This might seem silly to other "grown-ups," but it's something The Man and I have learned we need. Our adult chore charts aren't about telling each other what to do or proving someone does more or less. They're simply a communication tool so that we both know ahead of time what we have to get done during our day. When I wake up, I can quickly look and see that I need to empty the trash or make dinner that night or clean the shower. I can fit it into my schedule. Also, our chore chart ensures that we're not spending a whole (valuable!) day off doing chores.
We did agree that we needed some sort of incentive to make this work. Positive reinforcement isn't just for children, right? We agreed that, if we successfully completed all of our assigned chores in one week (on the right days), we would get a star to put on our name. Each star at the end of the month equals $5 cash. That cash can be spent on anything a person chooses that is a "fun" item. The money does not come out of any special budget, but it can be added to any budget in order to gain a nicer item. For example, I could use my $20 toward a cookbook, treat us to a movie out, or maybe buy some Legos. He might spend his money on computer peripherals, books, or music. Failure to complete a task on any given day (barring reasonable excuses or being able to move a chore to the next day--like cleaning the shower) results in the loss of that week's star and the potential to earn $5.
A few notes about how I made the chore chart:
I used a 12" x 12" piece of metal flashing (purchased at Creative Crafts in Corvallis--support your local craft store!) behind the scrapbook paper inside the frame. The frame is also a 12" x 12" black wooden frame with glass. I hung the chore chart using Command picture hangers with stabilizing strips.
The blue background paper has no printed text on it. I printed the grid with our (real) names on a sheet of transparency, then cut it close to the outside edge of the grid. I used mono adhesive to stick the transparency to the blue paper. I then cut a 3" strip of the flowery paper for the top. The title is on transparency as well (since I didn't know how or where I'd want it). I printed the days of the week on a strip of paper using my printer. Both the flowery paper and the strip are adhered using the same mono adhesive. I ran yet another color through my printer to get the chores and the stars. Both sides of that sheet were laminated using what is essentially super thick, paper-width packing tape. I used my 3/4" paper punch upside down to center the text and punch it out. I used, yet again, that same adhesive to stick the circles to cheap black ceramic magnets.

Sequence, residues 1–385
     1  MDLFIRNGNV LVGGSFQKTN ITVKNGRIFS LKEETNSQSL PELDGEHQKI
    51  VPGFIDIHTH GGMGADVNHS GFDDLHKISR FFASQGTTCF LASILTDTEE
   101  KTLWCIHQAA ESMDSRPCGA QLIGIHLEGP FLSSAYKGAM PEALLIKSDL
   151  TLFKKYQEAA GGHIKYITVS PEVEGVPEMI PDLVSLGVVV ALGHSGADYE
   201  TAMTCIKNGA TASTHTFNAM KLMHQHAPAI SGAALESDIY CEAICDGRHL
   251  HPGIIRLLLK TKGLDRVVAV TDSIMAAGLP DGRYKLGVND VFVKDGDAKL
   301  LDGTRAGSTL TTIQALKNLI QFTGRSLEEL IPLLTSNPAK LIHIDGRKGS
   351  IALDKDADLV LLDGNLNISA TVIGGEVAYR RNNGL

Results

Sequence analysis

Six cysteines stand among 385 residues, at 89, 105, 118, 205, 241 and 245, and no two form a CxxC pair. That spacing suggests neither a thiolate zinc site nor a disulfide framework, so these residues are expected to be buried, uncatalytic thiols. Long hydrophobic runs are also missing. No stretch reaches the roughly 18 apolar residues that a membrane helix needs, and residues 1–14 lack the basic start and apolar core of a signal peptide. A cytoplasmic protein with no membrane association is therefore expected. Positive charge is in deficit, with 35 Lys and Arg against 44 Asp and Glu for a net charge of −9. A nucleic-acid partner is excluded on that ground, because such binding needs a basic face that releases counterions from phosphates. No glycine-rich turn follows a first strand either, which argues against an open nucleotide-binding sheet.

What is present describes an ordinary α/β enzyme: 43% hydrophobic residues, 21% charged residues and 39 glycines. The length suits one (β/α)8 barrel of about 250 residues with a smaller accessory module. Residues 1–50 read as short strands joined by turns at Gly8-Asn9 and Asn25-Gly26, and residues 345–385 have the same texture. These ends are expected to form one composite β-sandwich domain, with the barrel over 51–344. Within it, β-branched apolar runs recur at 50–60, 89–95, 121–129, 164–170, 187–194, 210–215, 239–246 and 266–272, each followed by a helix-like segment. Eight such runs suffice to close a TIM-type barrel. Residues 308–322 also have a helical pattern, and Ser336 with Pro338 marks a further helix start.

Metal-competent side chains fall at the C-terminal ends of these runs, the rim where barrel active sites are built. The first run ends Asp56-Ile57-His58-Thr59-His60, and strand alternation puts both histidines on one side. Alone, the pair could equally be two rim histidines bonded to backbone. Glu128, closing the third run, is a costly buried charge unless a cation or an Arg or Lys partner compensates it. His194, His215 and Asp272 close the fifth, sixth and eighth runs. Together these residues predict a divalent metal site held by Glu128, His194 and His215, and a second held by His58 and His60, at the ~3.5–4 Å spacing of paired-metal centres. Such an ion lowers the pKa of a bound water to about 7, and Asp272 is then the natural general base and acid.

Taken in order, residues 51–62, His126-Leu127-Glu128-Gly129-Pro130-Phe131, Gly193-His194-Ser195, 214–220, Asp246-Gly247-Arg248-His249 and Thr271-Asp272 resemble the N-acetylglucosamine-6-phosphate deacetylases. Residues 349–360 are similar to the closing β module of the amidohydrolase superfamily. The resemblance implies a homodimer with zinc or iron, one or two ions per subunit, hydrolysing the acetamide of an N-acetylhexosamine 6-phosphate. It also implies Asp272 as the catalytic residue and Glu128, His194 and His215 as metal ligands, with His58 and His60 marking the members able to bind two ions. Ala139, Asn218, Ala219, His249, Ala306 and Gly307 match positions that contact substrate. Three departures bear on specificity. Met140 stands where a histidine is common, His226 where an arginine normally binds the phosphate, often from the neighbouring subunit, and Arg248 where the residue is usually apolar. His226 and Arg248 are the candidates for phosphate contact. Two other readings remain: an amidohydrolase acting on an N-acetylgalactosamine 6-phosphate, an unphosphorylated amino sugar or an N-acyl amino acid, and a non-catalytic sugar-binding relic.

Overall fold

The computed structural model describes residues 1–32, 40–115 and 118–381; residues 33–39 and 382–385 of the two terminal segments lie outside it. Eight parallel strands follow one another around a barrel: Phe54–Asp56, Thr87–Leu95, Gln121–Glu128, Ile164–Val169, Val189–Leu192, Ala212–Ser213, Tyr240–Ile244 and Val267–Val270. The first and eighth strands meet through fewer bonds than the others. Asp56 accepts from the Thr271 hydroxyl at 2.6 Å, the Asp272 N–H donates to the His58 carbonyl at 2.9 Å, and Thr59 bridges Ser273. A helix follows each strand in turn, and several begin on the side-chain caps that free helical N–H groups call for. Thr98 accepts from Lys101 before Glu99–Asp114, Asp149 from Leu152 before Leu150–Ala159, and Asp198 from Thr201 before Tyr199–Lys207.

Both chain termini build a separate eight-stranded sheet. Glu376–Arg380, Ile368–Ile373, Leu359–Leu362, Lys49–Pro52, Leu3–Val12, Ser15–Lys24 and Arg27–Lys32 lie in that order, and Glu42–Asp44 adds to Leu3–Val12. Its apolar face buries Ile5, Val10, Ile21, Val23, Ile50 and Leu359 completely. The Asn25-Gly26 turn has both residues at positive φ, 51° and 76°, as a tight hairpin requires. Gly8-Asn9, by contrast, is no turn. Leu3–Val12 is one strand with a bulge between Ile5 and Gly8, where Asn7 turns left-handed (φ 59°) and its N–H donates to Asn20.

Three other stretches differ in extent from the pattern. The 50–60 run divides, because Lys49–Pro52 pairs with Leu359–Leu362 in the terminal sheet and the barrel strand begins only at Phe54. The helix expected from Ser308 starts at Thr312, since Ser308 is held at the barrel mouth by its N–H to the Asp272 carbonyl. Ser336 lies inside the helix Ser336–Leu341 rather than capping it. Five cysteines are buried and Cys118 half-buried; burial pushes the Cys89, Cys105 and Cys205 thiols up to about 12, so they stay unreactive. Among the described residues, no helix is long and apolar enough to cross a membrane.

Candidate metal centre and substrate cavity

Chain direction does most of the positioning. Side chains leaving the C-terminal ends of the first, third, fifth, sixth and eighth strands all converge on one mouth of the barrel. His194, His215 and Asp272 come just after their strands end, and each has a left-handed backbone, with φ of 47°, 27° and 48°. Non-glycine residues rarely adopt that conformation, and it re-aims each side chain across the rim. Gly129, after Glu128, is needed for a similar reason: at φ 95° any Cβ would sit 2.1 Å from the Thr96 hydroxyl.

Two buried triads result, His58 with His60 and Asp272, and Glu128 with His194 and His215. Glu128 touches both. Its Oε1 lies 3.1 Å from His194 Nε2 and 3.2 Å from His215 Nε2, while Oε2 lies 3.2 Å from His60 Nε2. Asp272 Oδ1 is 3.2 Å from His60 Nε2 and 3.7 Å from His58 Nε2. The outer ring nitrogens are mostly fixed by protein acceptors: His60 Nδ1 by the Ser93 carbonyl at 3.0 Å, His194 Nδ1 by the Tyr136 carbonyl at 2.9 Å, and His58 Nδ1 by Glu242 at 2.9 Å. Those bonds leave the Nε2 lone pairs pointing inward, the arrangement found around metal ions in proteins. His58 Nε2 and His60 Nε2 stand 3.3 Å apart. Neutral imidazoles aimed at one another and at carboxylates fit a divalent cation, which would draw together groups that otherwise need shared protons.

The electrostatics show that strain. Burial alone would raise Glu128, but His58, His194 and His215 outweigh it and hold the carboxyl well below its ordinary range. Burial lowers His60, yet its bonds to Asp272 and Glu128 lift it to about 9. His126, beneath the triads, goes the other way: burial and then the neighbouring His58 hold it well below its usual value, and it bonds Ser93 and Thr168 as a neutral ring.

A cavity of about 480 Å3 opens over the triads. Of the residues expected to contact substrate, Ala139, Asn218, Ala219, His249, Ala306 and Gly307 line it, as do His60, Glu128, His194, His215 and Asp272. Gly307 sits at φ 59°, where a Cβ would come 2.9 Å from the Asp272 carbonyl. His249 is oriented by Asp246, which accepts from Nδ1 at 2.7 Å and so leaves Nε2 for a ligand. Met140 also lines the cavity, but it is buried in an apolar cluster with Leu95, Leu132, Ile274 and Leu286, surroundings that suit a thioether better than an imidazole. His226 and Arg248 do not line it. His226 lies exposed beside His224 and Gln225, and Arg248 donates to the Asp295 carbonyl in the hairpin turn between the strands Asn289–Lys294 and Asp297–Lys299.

A word of caution: my original intent was to use the glass half-marbles (mancala stones, anyone, anyone?) to sort of magnify the text on the circles, but ceramic magnets just wouldn't hold up the marbles. I didn't want to shell out $50 for neodymium magnets, so I just cut out the glass bits and laminated the paper instead.
I suppose I could have skipped the magnet part entirely and just printed the chores on the grid permanently, but I wanted the flexibility to switch up who is doing what and when. Aside from The Man vacuuming and me mopping, we do change things up from time to time.
You might notice that some of the phrases on my circles are odd. "Grocery shopping" wouldn't fit on the little circles, so I had to substitute "get food." "Clean stove" is different than "clean kitchen" since cleaning the kitchen is more of a general all-over wipe-down. Cleaning the stove involves pulling out the elements and scrubbing the pans (not an everyday thing at chez Jaggy). We don't have assignments for the dishwasher, trash, or taking out the recycling yet since those don't always happen on any given day, yet they could happen on any day. Those things get assigned pretty quick when they need to happen.
Are we crazy for using an adult chore chart? Do you have any suggestions? What do you use to keep chores straight in your house?